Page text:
Joli White

At a January hearing, Joli White of Loudon describes her experiences after the suicide of her brother, Alec Joseph White, who was 16 when he died in 2017.

CONCORD — Gov. Chris Sununu signed a bill Friday aimed at preventing youth suicides by requiring training for teachers and students.

Suicide is among the leading causes of death for young people, according to the Centers for Disease Control and Prevention, and has become more common in New Hampshire over the past 20 years.

The bill signed into law Friday directs local school districts to develop policies to prevent suicide, assess students at risk of suicide and respond to student suicide, as well as to provide training about youth suicide to staff and students. The bill passed with bipartisan support, and Sununu signed it into law Friday.

In his inaugural address earlier this year, Sununu said preventing youth suicide would be a priority. At a hearing for the bill in January, New Hampshire families who lost loved ones to suicide testified in favor of the bill.

Teachers and other school staff are to be trained to recognize warning signs in students, and respond by connecting students to local resources. The law will require two hours of training per year.

The law requires students to learn about healthy coping mechanisms, warning signs of mental disorders and how to ask for help if they need it.

Each school will have to have a point person who responds when someone reports a student could be at risk for taking his or her own life.

Schools will have to make information about mental health referrals and crisis intervention, available in the school and in the community, and will be expected to work with other schools and community groups to prevent suicide.

A fiscal note attached to the bill shows the state has provided no funding for local school districts to implement the new law.

Sen. Jeb Bradley, the law’s prime sponsor, said he thought suicide prevention would be worth any expense to school districts.

“Given the fact that suicide is one of the leading causes of preventable death of youth in our schools, it’s incumbent upon schools to have this training available for teachers,” he said Friday. “I think whatever cost there will be for cities and towns is pretty reasonable, given the impact it has on kids’ lives.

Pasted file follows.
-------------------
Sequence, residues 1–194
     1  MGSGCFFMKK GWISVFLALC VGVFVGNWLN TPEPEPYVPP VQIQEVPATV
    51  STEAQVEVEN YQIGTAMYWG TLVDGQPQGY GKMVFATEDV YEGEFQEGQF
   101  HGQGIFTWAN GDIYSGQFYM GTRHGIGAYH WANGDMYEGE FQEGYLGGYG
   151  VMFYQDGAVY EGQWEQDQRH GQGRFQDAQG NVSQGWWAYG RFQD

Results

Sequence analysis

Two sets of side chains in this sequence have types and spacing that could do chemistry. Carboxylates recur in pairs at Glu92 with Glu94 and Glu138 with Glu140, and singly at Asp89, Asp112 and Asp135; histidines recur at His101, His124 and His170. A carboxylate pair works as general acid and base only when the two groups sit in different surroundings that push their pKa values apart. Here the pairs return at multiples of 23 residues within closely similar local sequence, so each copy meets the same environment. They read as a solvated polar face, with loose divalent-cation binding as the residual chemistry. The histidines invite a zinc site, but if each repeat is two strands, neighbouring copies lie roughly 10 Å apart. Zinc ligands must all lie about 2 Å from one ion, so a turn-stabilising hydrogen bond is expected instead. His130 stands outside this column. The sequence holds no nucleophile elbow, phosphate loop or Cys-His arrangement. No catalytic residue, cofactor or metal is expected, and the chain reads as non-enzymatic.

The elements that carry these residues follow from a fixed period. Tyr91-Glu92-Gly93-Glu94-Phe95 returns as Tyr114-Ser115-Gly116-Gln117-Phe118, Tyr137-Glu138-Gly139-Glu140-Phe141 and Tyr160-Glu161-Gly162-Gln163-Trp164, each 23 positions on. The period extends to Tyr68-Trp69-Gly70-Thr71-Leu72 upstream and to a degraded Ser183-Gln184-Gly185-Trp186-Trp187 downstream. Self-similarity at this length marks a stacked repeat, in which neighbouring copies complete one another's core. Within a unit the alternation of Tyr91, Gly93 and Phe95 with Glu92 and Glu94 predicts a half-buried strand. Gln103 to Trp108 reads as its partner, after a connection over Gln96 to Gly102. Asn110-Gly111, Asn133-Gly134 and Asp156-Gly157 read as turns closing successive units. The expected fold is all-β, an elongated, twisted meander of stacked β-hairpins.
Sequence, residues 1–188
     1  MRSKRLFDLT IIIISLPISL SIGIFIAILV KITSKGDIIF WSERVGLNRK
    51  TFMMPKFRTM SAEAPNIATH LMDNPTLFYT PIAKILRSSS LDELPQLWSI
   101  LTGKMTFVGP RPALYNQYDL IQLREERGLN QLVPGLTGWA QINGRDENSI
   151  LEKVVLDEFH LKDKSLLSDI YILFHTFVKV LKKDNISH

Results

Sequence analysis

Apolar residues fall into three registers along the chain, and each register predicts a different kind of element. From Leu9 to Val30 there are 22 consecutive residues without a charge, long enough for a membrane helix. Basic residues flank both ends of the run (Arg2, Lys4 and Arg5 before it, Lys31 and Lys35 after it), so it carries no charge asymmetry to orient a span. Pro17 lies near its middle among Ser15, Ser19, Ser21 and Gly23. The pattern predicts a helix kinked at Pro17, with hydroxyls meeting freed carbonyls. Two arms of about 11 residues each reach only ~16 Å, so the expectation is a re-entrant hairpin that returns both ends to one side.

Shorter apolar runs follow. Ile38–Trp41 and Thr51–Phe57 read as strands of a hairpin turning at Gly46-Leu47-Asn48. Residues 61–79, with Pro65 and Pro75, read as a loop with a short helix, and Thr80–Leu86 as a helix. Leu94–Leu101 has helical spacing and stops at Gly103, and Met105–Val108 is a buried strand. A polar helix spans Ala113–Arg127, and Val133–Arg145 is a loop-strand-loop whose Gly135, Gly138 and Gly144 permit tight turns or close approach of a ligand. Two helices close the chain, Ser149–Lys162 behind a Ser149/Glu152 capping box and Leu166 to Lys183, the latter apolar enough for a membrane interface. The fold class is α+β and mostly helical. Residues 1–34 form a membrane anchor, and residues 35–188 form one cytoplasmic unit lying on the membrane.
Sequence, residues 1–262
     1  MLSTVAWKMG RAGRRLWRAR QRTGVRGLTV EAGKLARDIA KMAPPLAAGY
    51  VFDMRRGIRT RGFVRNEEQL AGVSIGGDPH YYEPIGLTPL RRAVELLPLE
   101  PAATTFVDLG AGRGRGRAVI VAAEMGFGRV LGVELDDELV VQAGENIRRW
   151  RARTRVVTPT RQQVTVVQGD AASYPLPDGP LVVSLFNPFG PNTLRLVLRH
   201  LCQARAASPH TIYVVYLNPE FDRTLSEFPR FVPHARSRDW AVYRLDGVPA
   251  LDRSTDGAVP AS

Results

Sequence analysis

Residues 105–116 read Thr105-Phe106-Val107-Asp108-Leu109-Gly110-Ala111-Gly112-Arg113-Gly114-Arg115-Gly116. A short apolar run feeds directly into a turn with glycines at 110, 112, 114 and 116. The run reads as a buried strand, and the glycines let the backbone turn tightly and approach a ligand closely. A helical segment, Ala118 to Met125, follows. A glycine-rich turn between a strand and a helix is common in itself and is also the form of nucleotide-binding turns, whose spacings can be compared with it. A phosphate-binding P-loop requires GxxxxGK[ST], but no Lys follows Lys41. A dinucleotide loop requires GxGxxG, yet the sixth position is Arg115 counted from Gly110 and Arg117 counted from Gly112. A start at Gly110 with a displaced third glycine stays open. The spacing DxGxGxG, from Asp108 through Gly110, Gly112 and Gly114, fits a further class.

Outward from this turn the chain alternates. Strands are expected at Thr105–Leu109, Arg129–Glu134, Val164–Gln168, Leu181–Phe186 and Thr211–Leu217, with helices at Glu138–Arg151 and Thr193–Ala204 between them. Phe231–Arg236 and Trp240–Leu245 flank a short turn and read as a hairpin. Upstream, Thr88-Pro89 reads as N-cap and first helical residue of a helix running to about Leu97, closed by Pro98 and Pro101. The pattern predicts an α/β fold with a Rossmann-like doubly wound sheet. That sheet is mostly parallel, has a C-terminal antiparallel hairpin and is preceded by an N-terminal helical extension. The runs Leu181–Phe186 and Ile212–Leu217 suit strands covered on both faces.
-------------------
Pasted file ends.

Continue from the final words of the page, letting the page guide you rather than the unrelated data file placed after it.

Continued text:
Bradley said there are organizations that can provide the newly-mandated training for schools for free or at a low cost.

One of those organizations is the Jason Foundation, a Tennessee-based nonprofit founded by Clark Flatt after he lost his 16-year-old son Jason Flatt to suicide in 1997. The foundation helps state legislatures craft suicide prevention legislation, and provides free training to school districts in states that pass the legislation.

New Hampshire’s new law is partially modeled on the foundation’s Jason Flatt Act, said Rep. Gates Lucas in a statement.

Hundreds of thousands of teachers and school staff have been trained with the Jason Foundation, Clark Flatt said, primarily through online trainings.

Flatt said the training, and other similar programs, can help teachers spot children who might need help — but they are not a substitute for counselors.

‘”Our programs are not intended to make teachers or educators into counselors,” Flatt said. “It’s simply to provide them the information and resources to better identify a student with thoughts of suicide, or respond to a student who comes to them.”

The act is set to take effect in October.

Martha Dickey, a Boscawen woman who lost her son to suicide, said in a statement she thought the bill would show New Hampshire’s youth that the state would be there for them.

“We believe that it provides a framework and path forward for mental health and for suicide awareness and prevention in New Hampshire,” she said.

Sununu said in a statement that the state has more work to do to combat suidice.

“We know that today is not the end of our work, but it is an important first step,” he said in a statement.

Monday, April 12, 2021
Sunday, April 11, 2021